If Vella’s charm offensive fails, Juncker will get the blame

In his new role as EU Commissioner, Vella would do well to put his charm to good use

You’ve got to hand it to him. Commissioner designate Karmenu Vella, affectionately known as ‘il-guy’, is charming and affable. Thank God for that, it made up for his apparent lack of in-depth knowledge on environmental issues.

On Monday, in Brussels, Vella charmed, and seriously outsmarted the absolute majority of the MEPs. The former Labour Party minister worked the room successfully, and convincingly. He was quite able to handle himself in what was a very tough grilling – and managed to exude that charm and affability which is typically associated with the Zurrieq-born politician. In his new role as EU Commissioner, Vella would do well to put his charm to good use – it’s always a welcoming breath of fresh air in what is, mostly, a grim environment.

A shrewd and seasoned politician

“I cannot pretend to know everything, I cannot pretend to give commitment unless I can deliver,” Commissioner designate Vella told the MEPs. Vella’s I-don’t-know-it-all attitude was the typical reply you would expect from a shrewd and seasoned politician – which helped him a great deal because  it was taken to be a  genuine admission that he still needs to learn the ropes. This says a lot about most of the MEPs, and their scratch-my-back-I’ll-scratch-yours attitude.

Second division

Greenpeace and Birdlife, aided and abetted by Green MEPs, slammed commissioner-designate Vella and said that he was vague, evasive and inaccurate. Instead of lashing out at Vella, they should have targeted their criticism at Jean-Claude Juncker for his wrong decision to merge environment and fisheries into one portfolio – and it has nothing to do with Karmenu Vella; it could have been any other commissioner-designate for that matter.

As a result of Juncker’s decision, the environment is now relegated to second division. If Vella’s charm offensive fails, it’s Juncker who will get the blame. He is still in time to reverse his decision – unless it is a done deal and has always been so, the result of the usual horse-trading which Brussels is renowned for.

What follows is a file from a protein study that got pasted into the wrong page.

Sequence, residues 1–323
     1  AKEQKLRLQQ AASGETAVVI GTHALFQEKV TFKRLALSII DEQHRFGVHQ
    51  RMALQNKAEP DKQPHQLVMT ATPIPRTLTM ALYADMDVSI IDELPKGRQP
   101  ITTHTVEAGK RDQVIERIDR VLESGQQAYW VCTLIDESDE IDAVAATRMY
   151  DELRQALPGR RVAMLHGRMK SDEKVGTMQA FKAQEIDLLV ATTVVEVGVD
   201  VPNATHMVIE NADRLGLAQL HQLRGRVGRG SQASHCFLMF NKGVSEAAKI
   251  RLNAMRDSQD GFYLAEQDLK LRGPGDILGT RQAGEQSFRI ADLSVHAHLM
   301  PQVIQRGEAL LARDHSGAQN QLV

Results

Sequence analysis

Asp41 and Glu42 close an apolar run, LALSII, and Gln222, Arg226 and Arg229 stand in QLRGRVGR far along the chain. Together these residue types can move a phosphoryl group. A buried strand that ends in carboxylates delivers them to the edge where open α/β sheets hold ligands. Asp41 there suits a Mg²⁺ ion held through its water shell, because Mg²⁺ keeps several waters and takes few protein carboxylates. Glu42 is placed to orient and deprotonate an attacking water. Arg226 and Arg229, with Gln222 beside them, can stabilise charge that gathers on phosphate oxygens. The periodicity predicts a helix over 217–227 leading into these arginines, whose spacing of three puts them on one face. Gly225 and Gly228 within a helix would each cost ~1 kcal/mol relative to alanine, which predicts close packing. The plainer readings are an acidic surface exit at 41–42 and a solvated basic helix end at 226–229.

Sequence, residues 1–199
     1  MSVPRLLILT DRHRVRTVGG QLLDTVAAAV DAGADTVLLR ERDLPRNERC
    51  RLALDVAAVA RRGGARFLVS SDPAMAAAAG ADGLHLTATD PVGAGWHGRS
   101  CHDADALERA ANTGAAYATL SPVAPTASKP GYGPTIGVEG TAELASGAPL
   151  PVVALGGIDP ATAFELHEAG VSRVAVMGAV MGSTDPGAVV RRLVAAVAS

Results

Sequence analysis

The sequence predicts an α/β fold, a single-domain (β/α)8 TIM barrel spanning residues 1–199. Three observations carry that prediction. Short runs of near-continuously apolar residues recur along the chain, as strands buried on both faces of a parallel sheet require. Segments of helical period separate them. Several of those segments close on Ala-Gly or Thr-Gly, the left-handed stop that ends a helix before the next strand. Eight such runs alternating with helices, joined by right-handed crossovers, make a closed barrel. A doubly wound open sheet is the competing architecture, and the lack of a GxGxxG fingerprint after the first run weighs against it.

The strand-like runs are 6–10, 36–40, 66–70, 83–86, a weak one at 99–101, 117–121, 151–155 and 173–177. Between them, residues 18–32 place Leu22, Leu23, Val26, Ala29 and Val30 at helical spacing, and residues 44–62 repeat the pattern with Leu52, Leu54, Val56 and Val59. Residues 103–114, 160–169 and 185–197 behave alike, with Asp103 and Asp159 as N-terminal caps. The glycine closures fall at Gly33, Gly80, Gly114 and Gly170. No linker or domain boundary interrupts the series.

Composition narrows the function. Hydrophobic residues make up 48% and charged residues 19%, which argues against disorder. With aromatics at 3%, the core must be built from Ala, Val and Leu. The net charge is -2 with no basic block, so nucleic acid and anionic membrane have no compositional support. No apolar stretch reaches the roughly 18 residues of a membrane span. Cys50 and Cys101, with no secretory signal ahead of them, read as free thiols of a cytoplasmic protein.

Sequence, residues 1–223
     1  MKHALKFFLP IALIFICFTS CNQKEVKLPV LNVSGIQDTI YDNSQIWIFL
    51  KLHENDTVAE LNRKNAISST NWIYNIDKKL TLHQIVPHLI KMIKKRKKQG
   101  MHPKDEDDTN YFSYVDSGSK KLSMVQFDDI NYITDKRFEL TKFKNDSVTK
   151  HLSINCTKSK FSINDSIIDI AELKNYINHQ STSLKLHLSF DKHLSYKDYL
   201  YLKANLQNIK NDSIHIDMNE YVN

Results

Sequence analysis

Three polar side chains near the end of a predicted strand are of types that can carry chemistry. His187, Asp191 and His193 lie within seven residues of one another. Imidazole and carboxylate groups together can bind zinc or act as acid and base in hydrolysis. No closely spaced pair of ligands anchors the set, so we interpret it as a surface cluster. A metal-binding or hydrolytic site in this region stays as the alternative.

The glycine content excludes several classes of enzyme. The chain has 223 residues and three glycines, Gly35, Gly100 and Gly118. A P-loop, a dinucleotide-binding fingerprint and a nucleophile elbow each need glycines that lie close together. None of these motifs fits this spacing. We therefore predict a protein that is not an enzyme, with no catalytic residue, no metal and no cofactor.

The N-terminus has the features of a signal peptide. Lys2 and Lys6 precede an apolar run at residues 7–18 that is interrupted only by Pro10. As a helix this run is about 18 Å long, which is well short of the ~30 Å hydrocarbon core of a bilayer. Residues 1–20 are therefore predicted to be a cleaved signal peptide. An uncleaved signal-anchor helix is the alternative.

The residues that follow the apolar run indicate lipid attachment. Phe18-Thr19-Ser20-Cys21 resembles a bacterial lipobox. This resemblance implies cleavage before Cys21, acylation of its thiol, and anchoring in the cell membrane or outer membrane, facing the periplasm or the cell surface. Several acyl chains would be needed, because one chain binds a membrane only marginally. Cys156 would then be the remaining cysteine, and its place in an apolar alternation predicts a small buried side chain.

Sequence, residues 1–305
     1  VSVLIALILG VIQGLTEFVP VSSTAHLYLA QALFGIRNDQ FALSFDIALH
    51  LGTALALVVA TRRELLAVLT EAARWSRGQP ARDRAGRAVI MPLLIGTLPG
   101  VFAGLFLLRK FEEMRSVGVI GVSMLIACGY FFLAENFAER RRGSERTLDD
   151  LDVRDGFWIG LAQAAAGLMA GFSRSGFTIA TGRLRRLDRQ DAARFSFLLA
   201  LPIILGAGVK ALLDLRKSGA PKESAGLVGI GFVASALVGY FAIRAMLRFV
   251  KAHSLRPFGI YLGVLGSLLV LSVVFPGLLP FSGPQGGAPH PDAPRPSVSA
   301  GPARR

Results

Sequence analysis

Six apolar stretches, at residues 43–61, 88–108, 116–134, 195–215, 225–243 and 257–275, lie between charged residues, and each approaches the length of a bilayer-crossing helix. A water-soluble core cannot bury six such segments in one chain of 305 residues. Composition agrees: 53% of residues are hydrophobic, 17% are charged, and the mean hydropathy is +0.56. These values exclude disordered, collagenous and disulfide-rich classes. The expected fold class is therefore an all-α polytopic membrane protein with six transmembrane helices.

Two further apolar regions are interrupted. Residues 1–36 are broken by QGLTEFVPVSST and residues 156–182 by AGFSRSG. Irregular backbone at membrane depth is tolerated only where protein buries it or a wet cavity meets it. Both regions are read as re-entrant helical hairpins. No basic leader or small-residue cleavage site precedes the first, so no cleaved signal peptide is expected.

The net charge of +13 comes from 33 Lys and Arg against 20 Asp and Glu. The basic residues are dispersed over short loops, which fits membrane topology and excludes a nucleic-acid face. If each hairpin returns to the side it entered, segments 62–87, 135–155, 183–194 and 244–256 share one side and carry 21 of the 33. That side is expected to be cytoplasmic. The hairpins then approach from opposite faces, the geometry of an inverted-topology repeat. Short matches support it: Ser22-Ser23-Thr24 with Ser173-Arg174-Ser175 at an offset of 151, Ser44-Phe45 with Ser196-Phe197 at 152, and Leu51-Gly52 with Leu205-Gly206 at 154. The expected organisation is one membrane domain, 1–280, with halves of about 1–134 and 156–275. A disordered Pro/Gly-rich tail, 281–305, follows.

According to informed sources in Brussels, Juncker may address the issue by passing on the sustainable development portfolio to one of the vice-presidents of the Commission. That’s not good enough. The environment should have its own commissioner, unfortunately Juncker thinks otherwise. 

When no is the right thing to say

What has the Nationalist Party said about Juncker’s decision to relegate the environment to second division? Absolutely nothing. The Nationalist Party is full of respect and awe for the EU, its institutions and political leaders – which is not always the right approach. The PN should be saying no – including to Juncker, when no is the right thing to say. Strikingly, leading local environmental NGOs too have remained as quiet as a mouse on Juncker’s wrong decision.

With friends like them…

I remember Karmenu Vella arguing, vociferously, against EU membership, and warning us that it would have a disastrous effect on Malta’s tourism industry. Now he tells us that back then he did not walk the walk. On the eve of his grilling, the former Labour Minister told MEPs that he voted in favour of membership.

Perhaps Vella thought that his opposition to EU membership a decade ago could jeopardise his prospects of being appointed EU Commissioner. I’m not impressed. If Vella voted against membership, which my gut feeling tells me that he did, he should have been honest about it – and if anything admitted that a decade later he thinks otherwise.

But then, it’s time to let bygones be bygones. Malta’s EU membership saga is dead and buried and it is useless arguing over what happened a decade ago – when Vella’s Labour Party opposed Malta’s EU membership. I pity Alfred Sant, however. Vella is not the first prominent Labour Party politician to ‘admit’ that he voted for EU membership. With friends like them…

The politics of appeasement

Despite government spin, Muscat’s ban on autumn hunting was a knee-jerk reaction on the eve of the Vella grilling. However, Muscat’s ban goes beyond hunting. It is becoming increasingly obvious that the Prime Minister is unable to find a judicious balance between what people want and the rules that are meant to avoid injustices and illegalities.

This boils down to Muscat’s politics of appeasement, which characterized his years in opposition. Most of his policy making is unmistakably driven by fear of losing votes. Sooner rather than later the situation gets out of hand. It’s a matter of time, really.

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